Hi there! I’m in Korea right now. I am not supposed to be sitting here and blog tonight but here I’m.
I just realised I haven’t been updating my blog for like almost two years? Maintaining a blog is easier said than done!
Let me give you a quick update on my life for the past two years. (it is mostly for my own record. When I grow old Ima come back and read this!) I’m a person who’s always hungry for some changes – which leads to the fact that I am always on-the-go, wanting to meet new people and when I finally get bored of a city I move on.
I quit my job, left Thailand in March 2015 and moved to Korea in April for the purpose of learning the language. Time flies and it has already been 10 months – clearly it is far from enough to master a language, but I was able to pick up the foundation and communicate with the locals without huge problems by starting from zero 10 months ago (of course there are slip-ups, quite a lot I’d say?). On the side note I didn’t plan to stay for 10 months even, it was supposed to be a 10-week short trip to immerse into a whole new culture, learn the basics of a language and recharge myself.. then turned out by the end of the third month I decided to stay a little longer because I didn’t want to be jack of all trades but master of none. Not anymore.
Since I entered my 20s I started to develop an interest in language learning – I was told by a lot that it would be a bit late but nothing could really stop me from it. I do regret the fact that I didn’t buried myself in learning English nor had I pay any attention in class back in secondary school. however as soon as I went abroad for my undergrad it came to my realisation that I should have learned a foreign language when I was young. I certainly have lost the competitive advantage compare with children at young age but that doesn’t mean there is no hope for adults to acquire a new language and master it to a certain degree. Take English for an example, as a Hong konger I was exposed to the English language on a daily basis, not through conversations since I went to a local school, but our text books which were written in English and the bilingual physical environments like road signs and public announcements. Thanks to that even tho I was never paying attention in class I did at least had the concept in mind of how English works – to some degree. There were phrases that I accidentally heard in class when I was young and I still remember them as of today. In the contrary, in recent years when I come across new English vocabularies and phrases it doesn’t go into my head as easy as it used to be! per se learning English is still at the top of my bucket list.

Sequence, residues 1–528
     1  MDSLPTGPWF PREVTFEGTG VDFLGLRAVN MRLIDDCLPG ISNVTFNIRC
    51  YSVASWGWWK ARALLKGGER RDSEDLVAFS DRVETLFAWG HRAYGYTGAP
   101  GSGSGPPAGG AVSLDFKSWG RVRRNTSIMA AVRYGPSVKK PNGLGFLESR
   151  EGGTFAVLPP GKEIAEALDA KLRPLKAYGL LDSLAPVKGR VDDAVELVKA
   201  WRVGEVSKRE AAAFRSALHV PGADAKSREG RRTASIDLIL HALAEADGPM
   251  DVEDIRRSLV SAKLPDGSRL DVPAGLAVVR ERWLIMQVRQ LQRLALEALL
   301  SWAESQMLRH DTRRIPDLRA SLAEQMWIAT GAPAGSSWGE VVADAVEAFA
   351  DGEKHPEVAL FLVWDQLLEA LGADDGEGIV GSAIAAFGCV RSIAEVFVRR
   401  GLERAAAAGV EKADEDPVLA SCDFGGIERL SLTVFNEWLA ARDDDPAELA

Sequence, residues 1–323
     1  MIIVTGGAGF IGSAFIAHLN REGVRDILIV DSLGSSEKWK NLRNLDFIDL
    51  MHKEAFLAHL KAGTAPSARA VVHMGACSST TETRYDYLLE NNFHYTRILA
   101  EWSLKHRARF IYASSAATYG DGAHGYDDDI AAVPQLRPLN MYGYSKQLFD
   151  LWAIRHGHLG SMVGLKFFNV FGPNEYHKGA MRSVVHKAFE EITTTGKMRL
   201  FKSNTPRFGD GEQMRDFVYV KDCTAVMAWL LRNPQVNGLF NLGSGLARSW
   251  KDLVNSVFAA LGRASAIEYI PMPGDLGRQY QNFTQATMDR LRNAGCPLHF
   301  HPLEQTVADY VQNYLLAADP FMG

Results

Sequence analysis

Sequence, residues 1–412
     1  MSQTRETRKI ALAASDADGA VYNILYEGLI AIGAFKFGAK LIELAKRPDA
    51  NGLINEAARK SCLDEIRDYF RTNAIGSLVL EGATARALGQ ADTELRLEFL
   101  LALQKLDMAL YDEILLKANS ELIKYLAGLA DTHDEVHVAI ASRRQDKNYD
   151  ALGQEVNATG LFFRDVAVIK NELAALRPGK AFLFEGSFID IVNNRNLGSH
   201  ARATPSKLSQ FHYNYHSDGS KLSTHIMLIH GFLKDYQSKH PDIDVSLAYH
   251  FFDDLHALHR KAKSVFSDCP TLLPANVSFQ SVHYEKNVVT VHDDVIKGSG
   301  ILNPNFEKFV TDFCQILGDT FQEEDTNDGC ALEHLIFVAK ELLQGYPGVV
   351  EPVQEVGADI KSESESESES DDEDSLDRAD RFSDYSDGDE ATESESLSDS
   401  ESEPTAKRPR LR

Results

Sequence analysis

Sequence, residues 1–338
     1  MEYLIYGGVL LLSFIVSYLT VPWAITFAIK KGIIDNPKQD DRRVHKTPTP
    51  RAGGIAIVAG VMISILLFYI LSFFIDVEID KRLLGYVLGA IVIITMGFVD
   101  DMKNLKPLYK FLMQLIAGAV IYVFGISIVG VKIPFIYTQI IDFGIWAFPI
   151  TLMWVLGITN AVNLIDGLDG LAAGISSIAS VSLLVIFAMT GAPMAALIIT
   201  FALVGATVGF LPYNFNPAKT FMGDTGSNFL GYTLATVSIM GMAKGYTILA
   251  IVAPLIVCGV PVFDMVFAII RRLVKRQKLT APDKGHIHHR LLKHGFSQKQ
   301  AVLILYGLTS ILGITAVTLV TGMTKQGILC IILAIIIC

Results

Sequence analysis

Going back to the Korean language learning journey here in Seoul… I am currently doing level 4 out of 6 (with 6 being the highest)-At the beginning I was very determined and motivated – but 10 months has passed and I’ve lost my motivation and tenaciousness. I came to a conclusion that it has to do with the slow down of my learning curve in the active part of the language (writing and speaking) while I am fully enjoying the passive part of learning (reading and listening). I call it an imbalance of the two functions and esp when I get writer stuck or stuck in words while speaking. That has become one of the reasons why I decided to take a break from learning it after finishing the intermediate course because I don’t think I will make any progress by taking classes every day, at least for now. (Instead I have enrolled in a part time course in Hong Kong – to make sure I keep practising the language! I don’t easily give up after all, just finding ways to solve problem)
The teaching system at Kyung Hee University (the school that I enrolled at) is great, the text books were well written, teachers are very qualified. Esp when it comes to grammatical skills, hands down to this school because we learn about 65-70 new grammars every 10 weeks haha. That sounds overwhelming but I was told by my friends how impressed they are with my grammatical expressions on kakaotalk. To be fair I have to say this school certainly puts less focus on speaking – which a lot of caucasian learners don’t fancy because it is an environment more suitable for passive learners and thus I also heard comments about how students straight out of Kyung Hee generally aren’t good speakers. Anyhow, I did enjoy my 10 months here and I’ve no regrets. I traveled, I’ve made friends and I had fun learning the language just like trudging up the hill. I am gonna have to write some blogs about the school before i forget.
As for now it is time to turn my computer off and do some work!